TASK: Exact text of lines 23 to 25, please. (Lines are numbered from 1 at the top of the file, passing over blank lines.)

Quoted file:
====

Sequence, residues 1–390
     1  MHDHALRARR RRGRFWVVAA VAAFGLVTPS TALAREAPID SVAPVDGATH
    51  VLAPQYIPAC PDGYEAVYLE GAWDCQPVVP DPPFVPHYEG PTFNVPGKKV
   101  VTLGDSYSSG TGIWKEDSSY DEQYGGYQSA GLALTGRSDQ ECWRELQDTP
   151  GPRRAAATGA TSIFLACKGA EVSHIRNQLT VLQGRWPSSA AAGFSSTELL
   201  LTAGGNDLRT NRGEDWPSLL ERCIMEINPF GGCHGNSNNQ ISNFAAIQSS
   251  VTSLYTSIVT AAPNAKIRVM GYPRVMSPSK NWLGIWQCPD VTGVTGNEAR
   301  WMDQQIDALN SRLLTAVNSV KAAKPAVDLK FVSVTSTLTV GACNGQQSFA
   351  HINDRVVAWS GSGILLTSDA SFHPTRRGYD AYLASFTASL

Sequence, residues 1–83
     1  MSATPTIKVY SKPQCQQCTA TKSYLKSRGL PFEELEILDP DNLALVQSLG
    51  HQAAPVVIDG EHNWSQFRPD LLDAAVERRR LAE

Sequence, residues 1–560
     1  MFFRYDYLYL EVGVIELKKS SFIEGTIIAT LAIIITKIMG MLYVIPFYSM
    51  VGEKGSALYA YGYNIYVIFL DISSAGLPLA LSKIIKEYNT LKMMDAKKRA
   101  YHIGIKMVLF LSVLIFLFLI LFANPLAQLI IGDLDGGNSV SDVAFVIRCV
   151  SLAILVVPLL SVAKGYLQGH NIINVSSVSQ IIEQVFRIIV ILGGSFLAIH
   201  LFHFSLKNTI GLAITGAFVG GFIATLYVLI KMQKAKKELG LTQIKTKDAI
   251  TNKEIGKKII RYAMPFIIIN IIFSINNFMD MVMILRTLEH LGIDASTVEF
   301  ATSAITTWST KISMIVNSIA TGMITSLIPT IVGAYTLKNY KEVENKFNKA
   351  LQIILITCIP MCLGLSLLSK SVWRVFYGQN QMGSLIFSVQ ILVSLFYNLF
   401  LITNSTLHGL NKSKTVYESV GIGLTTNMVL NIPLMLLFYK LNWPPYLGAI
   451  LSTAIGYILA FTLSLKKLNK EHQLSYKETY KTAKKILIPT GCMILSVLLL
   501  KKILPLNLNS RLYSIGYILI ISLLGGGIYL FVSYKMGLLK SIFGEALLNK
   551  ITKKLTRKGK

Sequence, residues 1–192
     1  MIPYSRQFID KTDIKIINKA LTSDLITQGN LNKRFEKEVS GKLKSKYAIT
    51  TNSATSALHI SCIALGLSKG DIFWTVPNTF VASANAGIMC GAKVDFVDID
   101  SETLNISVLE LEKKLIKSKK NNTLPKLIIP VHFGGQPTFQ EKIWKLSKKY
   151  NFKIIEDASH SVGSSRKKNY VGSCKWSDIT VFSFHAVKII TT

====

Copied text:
   451  LSTAIGYILA FTLSLKKLNK EHQLSYKETY KTAKKILIPT GCMILSVLLL
   501  KKILPLNLNS RLYSIGYILI ISLLGGGIYL FVSYKMGLLK SIFGEALLNK
   551  ITKKLTRKGK